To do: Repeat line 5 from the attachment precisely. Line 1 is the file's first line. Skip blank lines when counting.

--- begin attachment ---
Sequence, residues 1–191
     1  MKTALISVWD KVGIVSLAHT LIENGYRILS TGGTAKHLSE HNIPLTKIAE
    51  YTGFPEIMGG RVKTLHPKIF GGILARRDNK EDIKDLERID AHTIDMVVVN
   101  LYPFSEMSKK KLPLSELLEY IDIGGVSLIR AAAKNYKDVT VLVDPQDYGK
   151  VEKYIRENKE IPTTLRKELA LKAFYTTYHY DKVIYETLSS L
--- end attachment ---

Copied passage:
   151  VEKYIRENKE IPTTLRKELA LKAFYTTYHY DKVIYETLSS L